Palak a journalism graduate believes in simplifying the complicated and writing about the extraordinary lives of ordinary people. She calls herself a " hodophile" or in layman words- a person who loves to travel.
20-year-old Sandhya Rai has achieved the rare feat of being one amongst the 32 selected Asian sportswomen to promote women's rugby in an international platform.
Daughter of a tea garden labourer in North Bengal, Sandhya has been named under 'India's Unstoppables' in a global campaign to promote the sport by World Rugby, its governing body.
World Rugby's 'Unstoppable' campaign was launched to create awareness and enhance participation by initiating dialogue through inspiring stories of women and girls involved in rugby at all levels of the game.
The stories of these players are tied through a common thread— breaking the glass ceiling by participating and showing how rugby played a key role in empowering them.
"From the highest levels of the sport's governance to grassroots participation, we are wholly committed to driving gender-balance and ensuring that women have equal opportunities both on and off the field, driving increased involvement and engagement in the women's game from fans, audiences, players and investors," World Rugby Chairman Sir Bill Beaumont had said during the launch of the campaign last year, reported Asia Rugby.
From tea garden to the rugby pitch
Sandhya had a humble beginning, being born and brought up near Baikanthapur forest, east of Siliguri. Belonging to a family who earns their livelihood by working in a tea garden, she had to brave the odds to choose a different path after finishing school.
Father Mathew, while he was in charge of the Don Bosco Ashalayam in Kolkata, had witnessed the impact of the sport in changing the lives of the youngsters. So when he was in the village, he thought that the game could also motivate the children and keep them off the wrong path.
According to The Times of India, in 2013, several players from the Jungle Crows, an amateur rugby team in Kolkata were invited to train some of the kids in the village which proved to be the tipping point.
Sandhya and her friends discovered the power of the sport and sooner realised that through excelling in the game, they held the key to a different and glorious future.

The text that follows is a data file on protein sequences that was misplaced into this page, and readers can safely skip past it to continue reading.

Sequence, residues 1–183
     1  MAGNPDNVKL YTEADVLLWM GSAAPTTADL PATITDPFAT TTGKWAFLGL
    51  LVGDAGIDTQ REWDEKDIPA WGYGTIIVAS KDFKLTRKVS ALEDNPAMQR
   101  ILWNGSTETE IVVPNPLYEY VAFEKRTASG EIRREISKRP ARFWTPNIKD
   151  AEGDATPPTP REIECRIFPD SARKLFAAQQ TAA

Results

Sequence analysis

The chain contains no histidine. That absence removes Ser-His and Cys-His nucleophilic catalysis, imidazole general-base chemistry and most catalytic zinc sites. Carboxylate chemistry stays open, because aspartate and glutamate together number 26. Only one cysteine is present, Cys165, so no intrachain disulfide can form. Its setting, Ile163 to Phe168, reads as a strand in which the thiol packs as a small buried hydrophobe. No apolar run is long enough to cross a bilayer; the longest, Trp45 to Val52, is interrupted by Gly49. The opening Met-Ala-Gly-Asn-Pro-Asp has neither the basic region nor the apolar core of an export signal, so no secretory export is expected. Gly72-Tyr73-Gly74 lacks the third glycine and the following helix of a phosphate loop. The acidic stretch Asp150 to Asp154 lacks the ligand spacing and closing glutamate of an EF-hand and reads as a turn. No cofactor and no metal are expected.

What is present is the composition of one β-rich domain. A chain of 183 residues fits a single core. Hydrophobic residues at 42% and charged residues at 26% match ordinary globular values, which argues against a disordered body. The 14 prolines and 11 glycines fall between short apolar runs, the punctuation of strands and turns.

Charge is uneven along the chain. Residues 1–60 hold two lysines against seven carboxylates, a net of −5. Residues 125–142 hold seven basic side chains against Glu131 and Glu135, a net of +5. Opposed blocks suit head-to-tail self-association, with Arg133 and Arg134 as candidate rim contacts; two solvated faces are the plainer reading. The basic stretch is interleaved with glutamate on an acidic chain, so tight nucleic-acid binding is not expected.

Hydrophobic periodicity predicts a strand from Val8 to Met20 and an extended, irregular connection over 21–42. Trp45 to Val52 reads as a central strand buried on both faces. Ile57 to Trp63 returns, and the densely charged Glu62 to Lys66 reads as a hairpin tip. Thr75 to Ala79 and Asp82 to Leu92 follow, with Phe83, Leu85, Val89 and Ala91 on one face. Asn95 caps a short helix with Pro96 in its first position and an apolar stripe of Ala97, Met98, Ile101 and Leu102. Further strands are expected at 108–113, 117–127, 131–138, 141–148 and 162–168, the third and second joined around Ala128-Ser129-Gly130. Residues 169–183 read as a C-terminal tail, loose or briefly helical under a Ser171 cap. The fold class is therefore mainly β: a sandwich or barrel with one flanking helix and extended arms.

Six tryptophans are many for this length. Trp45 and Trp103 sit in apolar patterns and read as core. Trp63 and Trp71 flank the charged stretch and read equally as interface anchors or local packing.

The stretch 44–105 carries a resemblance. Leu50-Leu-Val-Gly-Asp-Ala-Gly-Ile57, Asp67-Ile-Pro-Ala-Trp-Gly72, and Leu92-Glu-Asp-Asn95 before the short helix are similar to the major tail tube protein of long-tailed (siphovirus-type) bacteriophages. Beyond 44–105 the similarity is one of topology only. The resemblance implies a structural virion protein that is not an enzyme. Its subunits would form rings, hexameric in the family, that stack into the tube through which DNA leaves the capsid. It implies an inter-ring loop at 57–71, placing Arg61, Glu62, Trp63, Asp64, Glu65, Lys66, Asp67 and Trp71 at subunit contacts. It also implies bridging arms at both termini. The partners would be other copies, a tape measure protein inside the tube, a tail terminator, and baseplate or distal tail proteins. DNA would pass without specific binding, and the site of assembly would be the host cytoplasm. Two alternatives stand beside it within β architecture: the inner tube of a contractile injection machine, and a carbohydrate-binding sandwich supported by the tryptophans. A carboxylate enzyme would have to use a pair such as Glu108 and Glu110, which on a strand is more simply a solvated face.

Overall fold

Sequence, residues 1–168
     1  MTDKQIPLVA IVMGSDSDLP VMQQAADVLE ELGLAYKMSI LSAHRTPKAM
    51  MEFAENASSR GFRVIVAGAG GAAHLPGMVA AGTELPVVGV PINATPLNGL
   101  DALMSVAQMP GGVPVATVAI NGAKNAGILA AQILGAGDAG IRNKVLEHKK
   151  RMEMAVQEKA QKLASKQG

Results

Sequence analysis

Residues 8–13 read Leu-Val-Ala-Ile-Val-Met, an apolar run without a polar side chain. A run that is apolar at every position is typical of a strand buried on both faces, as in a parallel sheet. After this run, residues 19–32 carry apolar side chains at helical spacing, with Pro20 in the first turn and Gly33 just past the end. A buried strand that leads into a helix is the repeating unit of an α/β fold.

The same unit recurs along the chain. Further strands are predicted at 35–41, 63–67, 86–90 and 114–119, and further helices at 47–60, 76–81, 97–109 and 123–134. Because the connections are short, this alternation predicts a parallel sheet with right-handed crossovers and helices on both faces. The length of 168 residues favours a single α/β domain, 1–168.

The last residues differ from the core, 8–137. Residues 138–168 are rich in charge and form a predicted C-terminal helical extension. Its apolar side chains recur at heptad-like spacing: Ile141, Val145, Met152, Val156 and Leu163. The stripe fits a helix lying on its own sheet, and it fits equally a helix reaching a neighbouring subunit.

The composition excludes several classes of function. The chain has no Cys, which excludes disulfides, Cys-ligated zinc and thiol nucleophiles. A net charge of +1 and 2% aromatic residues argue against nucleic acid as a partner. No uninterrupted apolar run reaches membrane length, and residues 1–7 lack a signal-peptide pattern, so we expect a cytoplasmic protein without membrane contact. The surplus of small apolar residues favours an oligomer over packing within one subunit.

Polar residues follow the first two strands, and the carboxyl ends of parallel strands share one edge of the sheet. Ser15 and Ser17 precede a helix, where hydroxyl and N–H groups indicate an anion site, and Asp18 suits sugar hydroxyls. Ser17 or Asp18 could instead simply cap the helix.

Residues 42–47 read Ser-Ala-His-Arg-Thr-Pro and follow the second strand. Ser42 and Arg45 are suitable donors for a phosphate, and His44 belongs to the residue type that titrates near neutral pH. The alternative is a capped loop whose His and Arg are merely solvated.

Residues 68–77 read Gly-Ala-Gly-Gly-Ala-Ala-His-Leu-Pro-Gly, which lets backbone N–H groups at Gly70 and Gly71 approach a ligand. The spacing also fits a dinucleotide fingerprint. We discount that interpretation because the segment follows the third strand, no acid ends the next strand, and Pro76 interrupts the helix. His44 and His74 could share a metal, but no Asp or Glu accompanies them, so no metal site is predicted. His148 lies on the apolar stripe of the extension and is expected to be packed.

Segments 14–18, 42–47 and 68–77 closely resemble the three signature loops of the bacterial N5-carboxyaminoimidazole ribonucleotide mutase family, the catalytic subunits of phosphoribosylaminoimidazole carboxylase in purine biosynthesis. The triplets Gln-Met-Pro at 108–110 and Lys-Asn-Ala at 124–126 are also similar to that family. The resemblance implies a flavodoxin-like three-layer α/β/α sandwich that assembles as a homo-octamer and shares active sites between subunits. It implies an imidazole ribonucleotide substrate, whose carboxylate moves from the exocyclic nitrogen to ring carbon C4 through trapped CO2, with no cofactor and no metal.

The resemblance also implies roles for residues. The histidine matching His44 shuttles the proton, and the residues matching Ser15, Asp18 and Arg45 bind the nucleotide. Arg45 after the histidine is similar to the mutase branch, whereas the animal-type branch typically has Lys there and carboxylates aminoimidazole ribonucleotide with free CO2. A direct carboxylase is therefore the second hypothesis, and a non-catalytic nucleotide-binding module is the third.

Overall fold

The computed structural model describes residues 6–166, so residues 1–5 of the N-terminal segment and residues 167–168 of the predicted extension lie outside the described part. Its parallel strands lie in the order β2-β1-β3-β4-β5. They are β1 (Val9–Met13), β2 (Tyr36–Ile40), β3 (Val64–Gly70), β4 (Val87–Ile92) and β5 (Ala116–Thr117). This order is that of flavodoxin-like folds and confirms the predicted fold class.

Nine girls from this remote village overcame hardships through passion and dedication and have played rugby for India. On Wednesday, December 23, Sandhya was announced as India's Unstoppable.
As per the reports, Sandhya has also launched 'Pass For Passion', a campaign by the Jungle Crows to raise funds for their Khelo Rugby project aimed to create opportunities for young players.
Rugby In India
A number of reports have pointed out that rugby, as a sport, has been instrumental in lifting people from the country's remote, and tribal areas.
It has not only lifted them off poverty but also aided in earning laurels for the country. Actor-director Rahul Bose who is also an international rugby player has been championing the cause and promoting the sport for a long time.
"Wherever sports can improve societies, it is fantastic. Even after representing India for so many years, I can see that rugby is played mostly by Adivasis. I am not only talking about grassroots. Both our men and women's national teams have 60% or more of their representations from the Adivasi communities. If you don't see the social transformation here, then what do you see?" the actor had said at one of the sports-award ceremonies.
17-year-old Sumitra Nayak and 26-year-old Vahbiz Bharucha are the other two players selected alongside Sandhya to represent India in the campaign.
Sumitra who hails from Odisha has lived through a journey of shanty slums to being hailed as a queen of rugby. Meanwhile, Bharucha, a freelance physiotherapist, learnt about the sport during a summer camp at school.
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